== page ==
It’s important to keep warm in winter

Keeping warm over the winter months can help to prevent colds, flu and more serious health problems.

  • Heat your home to at least 18°C (65°F)
  • Keep active when your indoors, try not to sit still for more than an hour
  • Wear several layers of light clothes, several layers trap warm air better than one bulky layer
  • Close your curtains at dusk and keep doors closed to keep out any draughts
  • Get your heating system checked regularly by a qualified professional

You may be able to claim financial and practical help with heating your home. Grants available include Winter Fuel Payment and Cold Weather Payment.

Feeling unwell? Don’t wait – get advice from your nearest pharmacist
At the first sign of a winter illness, even if it’s just a cough or cold, get advice from your pharmacist, before it gets more serious. Act quickly. The sooner you get advice from a pharmacist the better. Pharmacists are fully qualified to advise you on the best course of action. This can be the best and quickest way to help you recover and get back to normal. If you can’t get to a pharmacist yourself, ask someone to go for you or call your local pharmacy.

Have you had the flu jab?
The flu virus strikes in winter and it can be far more serious than you think. Flu can lead to serious complications such as bronchitis and pneumonia, and it can be deadly. That’s why the flu jab is free if you’re aged 65 or over, or if you have a long-term health condition. If you have young children or grandchildren they may also be eligible for a free flu vaccination. And if you are the main carer of an older or disabled person you may also be eligible for the free flu jab. Just speak to your GP receptionist or pharmacist.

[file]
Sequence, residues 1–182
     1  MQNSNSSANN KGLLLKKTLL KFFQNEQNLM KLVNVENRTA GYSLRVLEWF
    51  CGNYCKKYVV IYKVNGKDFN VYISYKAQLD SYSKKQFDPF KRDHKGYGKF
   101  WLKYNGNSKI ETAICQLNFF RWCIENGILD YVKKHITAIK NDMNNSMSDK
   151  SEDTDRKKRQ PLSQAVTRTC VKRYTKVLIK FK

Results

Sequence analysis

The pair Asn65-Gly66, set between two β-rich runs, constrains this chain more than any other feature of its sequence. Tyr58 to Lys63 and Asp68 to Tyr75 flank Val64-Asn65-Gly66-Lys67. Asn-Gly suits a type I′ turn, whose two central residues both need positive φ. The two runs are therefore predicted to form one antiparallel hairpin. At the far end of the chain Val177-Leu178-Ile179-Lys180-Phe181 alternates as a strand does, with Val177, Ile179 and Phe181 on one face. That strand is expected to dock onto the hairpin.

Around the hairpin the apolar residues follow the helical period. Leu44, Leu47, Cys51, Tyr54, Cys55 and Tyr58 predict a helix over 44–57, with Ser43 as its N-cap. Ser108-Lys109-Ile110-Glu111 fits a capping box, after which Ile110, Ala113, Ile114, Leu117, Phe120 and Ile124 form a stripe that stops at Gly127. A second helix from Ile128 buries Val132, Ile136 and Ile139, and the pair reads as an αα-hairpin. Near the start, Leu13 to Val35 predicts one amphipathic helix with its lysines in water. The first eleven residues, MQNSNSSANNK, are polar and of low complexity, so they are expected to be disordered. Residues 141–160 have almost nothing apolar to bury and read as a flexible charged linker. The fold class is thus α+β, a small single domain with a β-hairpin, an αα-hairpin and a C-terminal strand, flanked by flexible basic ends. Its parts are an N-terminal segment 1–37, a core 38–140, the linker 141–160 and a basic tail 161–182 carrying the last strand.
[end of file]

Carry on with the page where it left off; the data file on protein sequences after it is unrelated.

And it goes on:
All About Flu and How to Stop Getting It Leaflet

Help Us Help You Leaflet

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Antibiotics are not always the answer

Taking antibiotics when you don’t need them can make you become resistant to the, which means that antibiotics may not work when you really need them.

If you or a family member feel unwell, have a cold or flu and you haven’t been prescribed antibiotics, there are some effective self-care ways to help you feel better:

  • Ask your Pharmacist to recommend medicines to help with symptoms or pain